The pork butt is the top half of the shoulder, not the actual butt. Since it’s a very hard-working muscle it must be cooked low and slow. It got its name during the colonial days when butchers transported the meat in barrels called “butts,” the actual behind of the pig is where ham comes from.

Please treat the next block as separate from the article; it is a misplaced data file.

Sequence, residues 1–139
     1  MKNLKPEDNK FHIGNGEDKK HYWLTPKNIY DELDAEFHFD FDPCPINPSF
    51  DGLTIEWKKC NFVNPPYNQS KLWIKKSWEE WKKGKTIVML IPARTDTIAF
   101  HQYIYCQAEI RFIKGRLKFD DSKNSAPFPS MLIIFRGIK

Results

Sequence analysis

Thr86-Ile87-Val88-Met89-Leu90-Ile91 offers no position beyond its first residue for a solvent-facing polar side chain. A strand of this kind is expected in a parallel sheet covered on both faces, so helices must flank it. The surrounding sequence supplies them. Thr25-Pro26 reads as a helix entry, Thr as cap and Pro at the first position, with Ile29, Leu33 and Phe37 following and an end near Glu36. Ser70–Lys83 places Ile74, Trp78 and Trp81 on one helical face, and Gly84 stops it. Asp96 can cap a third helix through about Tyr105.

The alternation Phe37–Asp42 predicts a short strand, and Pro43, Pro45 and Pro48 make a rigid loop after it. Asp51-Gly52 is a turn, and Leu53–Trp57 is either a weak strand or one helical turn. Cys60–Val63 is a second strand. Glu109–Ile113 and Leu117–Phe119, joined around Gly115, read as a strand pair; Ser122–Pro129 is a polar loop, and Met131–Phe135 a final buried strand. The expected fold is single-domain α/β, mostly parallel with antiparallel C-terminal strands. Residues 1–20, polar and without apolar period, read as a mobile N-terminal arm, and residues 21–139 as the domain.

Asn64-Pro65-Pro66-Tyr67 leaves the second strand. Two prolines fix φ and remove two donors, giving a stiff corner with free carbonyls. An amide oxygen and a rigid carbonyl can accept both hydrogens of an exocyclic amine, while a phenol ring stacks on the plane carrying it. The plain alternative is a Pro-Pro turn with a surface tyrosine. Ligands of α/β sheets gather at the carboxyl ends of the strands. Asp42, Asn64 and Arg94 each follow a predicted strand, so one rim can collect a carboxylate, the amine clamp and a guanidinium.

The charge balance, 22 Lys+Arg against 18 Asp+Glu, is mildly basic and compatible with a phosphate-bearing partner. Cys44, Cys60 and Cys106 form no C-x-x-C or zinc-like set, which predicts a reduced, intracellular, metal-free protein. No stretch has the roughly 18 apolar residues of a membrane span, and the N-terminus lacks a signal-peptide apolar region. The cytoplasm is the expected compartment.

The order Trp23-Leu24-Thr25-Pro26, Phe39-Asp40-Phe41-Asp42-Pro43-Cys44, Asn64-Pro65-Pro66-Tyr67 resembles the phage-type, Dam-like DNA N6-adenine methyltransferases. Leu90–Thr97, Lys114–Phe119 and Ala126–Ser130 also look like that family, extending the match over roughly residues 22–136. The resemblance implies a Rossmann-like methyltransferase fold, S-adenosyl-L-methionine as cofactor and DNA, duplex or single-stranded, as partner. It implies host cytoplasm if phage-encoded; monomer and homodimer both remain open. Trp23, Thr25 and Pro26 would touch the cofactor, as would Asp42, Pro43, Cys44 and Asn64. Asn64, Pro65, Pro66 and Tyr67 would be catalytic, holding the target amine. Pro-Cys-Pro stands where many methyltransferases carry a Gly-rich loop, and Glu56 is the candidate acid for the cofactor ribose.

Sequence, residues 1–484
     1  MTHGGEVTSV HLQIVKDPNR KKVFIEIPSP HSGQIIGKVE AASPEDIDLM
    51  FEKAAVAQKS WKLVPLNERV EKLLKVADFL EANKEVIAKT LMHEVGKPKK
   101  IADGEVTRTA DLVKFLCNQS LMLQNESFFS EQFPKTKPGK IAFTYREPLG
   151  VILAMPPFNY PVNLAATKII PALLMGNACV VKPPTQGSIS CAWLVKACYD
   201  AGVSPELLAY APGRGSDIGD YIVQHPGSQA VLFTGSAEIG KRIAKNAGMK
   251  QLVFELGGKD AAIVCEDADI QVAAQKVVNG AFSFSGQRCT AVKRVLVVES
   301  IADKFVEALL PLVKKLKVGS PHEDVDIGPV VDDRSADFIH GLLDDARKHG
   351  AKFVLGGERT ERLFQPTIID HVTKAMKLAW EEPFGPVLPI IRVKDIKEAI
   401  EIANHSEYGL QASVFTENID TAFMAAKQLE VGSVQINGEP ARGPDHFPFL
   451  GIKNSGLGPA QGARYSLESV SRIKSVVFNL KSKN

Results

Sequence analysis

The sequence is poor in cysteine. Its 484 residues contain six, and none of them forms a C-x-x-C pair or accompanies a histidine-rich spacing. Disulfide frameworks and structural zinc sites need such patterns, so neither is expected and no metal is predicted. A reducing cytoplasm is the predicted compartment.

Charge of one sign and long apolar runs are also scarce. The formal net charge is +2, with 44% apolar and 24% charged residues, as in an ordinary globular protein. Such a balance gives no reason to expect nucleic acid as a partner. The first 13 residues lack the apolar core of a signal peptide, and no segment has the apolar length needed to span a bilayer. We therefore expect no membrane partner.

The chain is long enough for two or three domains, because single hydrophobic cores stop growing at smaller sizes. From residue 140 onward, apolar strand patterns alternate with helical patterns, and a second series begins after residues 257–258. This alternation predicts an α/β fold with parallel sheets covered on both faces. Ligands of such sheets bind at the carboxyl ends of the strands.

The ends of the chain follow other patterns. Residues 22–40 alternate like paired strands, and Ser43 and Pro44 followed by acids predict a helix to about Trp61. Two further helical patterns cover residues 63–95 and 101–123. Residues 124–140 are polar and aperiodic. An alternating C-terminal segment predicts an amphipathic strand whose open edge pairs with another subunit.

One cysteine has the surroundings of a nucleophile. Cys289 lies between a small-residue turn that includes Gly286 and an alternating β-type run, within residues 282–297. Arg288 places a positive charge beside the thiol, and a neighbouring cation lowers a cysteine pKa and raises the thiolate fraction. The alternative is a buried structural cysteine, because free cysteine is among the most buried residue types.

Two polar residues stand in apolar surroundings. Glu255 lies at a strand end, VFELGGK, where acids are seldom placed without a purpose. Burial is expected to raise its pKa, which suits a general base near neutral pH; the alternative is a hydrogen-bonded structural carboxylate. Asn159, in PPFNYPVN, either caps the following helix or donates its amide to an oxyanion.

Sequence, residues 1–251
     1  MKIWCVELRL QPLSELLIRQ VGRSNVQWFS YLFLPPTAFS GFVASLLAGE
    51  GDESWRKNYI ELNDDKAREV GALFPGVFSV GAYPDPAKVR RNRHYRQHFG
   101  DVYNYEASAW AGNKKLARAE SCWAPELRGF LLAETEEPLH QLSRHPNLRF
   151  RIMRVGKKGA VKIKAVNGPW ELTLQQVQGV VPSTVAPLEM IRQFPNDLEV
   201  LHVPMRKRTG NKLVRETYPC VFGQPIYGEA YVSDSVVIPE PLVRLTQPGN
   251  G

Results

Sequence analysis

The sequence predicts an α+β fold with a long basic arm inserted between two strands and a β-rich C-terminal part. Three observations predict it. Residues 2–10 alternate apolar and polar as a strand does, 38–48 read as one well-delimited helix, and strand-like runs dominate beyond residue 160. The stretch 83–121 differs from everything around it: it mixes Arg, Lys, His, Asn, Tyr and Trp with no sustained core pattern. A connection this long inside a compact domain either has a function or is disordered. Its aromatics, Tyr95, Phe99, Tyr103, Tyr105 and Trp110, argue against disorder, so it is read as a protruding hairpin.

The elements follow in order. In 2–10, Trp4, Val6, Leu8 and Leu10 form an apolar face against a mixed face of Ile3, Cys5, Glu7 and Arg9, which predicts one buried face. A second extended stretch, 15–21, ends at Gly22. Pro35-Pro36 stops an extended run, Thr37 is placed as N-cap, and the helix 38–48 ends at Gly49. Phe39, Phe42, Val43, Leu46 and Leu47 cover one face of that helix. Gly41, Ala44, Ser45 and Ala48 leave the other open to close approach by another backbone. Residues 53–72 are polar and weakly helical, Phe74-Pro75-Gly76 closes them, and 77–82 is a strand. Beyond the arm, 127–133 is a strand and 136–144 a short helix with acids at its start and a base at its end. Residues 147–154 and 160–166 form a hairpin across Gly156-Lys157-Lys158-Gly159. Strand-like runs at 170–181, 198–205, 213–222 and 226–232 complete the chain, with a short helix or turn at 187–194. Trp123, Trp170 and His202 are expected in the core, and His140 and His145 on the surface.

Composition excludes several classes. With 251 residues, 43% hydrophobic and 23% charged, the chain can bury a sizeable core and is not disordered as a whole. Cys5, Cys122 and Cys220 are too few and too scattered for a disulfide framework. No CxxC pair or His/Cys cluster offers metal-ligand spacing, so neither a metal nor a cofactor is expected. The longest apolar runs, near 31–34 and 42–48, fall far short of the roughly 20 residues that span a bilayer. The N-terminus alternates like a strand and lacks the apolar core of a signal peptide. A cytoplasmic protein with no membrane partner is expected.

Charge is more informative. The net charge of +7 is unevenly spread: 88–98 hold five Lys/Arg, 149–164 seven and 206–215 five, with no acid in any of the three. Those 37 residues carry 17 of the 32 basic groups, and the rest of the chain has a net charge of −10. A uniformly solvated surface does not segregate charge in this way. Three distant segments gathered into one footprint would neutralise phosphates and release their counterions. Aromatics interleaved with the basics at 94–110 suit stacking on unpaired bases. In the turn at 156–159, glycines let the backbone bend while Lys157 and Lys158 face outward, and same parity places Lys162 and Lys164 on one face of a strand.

Low and slow is the name of the game. To achieve the desired fall-off-the-bone perfection, you need to cook your pork butt to 180 degrees, and keep it there for a few hours. This time allows the connective tissue to break down, and lessens the chance moisture will escape. When slow cooking meat, you want to layer your flavors by using REAL stocks and bone broths along with fresh herbs in your braising liquid. One final piece of flavor voodoo is to not be afraid of acid. Always finish a deep braise with vinegar or fresh citrus. If you prefer to BBQ / smoke your pork butt, you always want to use real wood or wood chips and lump hardwood charcoal. You want your meat to be as dry as possible before going on a smoker to build a good pellicle for the smoke to adhere to.